The weird thing is now I’m exactly where I want to be. I’ve got my dream job at Cornell, and I’m still just thinking about my old pals. Only now they’re the ones I made here. I wish there was a way to know you’re in “the good old days” before you’ve actually left them. Someone should write a song about that.

I’m not completely certain how I first stumbled across The Office on NBC way back in 2005 or so, but I am certain about at least two things regarding this TV show. First, at the time, I had no idea about the original British series on which it was based. In fact, to this day, I haven’t caught a single episode of the original BBC program. I know! I know! It’s in my Netflix queue.

Second, I’m sure glad I did stumble across the Scranton branch of the Dunder Mifflin Paper Company. I’d argue that The Office is on almost the same tier of cultural significance as Friends and Seinfeld. And that’s saying a lot, as I adore Friends and Seinfeld dearly.

The character of Andy Bernard, played by Ed Helms who would later go on to star in The Hangover movie franchise, doesn’t actually appear in The Office until the show’s third season. I’ll also admit that I wasn’t exactly a big fan of “the Nard Dog” initially, but Andy Bernard is the kind of endearing character that grows on you. And then he drops these tender little nuggets of wisdom.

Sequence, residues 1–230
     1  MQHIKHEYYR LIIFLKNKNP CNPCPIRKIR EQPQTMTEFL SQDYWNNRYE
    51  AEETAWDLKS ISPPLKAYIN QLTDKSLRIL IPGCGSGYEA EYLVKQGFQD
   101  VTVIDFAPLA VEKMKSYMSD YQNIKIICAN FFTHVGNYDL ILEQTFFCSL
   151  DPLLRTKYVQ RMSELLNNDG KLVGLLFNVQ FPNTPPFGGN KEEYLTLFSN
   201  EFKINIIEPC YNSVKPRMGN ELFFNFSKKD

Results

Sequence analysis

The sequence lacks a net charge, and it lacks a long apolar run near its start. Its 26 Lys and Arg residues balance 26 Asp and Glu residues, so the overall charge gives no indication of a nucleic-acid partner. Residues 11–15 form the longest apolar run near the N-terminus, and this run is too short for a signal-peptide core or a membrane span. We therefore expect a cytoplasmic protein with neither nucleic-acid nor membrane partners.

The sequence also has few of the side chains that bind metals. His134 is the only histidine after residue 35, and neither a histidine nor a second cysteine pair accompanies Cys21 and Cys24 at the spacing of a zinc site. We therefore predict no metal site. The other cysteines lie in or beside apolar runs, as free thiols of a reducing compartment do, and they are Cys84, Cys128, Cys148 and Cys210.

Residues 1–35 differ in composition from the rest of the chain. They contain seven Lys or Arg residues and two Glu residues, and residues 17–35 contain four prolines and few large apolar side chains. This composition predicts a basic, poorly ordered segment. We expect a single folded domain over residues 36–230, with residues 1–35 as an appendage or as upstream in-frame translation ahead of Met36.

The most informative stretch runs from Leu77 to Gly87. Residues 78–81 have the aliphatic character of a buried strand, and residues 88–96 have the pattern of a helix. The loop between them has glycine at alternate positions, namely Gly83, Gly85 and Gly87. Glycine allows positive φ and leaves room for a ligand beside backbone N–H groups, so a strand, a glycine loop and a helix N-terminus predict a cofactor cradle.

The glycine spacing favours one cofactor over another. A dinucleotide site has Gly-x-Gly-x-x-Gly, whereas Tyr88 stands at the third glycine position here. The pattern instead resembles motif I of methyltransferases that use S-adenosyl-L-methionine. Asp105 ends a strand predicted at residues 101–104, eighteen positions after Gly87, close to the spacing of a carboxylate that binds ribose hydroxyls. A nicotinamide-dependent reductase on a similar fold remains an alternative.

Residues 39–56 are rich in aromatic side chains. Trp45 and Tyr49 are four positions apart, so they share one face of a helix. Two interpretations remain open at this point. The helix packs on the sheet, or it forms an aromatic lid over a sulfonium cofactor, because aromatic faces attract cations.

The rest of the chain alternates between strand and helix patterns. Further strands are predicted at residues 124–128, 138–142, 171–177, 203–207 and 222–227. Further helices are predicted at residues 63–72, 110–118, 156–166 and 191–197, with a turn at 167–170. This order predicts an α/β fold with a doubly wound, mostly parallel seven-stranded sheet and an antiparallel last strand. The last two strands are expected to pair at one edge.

The quote above was taken from The Office series finale after nine seasons on the air. During that time, we got to know the likes of Michael Scott, Dwight Schrute, Jim Halpert, Pam Beesly, Kelly Kapoor, Stanley Hudson, Oscar Martinez and Andy Bernard too. We were able to peer into their regular, everyday lives and derive a sense of enjoyment every Thursday night for half an hour.

While you’re in the midst of cubicle life or whatever other life you may be leading, the monotony can be draining. You can also get too caught up in your daily frustrations about taxes and relationships and career advancement. Far too often, we fail to recognize the magnificent in the mundane until it’s already too late. It’s far too easy to forget that the little things, like sipping on some coffee while watching the world pass by, are the big things.

We spend so much time chasing the carrot and indulging in the “I’ll be happy when” mindset that we end up missing the point entirely. Life is a song, so take a page out of Andy Bernard’s playbook and break out acapella style every now and then. Go ahead and make a fool of yourself if it makes you feel good. Be true to yourself now and always. Be fully present.

Realize that the “good old days” are right now. They’re yesterday and today and tomorrow. You just have to take the time to recognize it.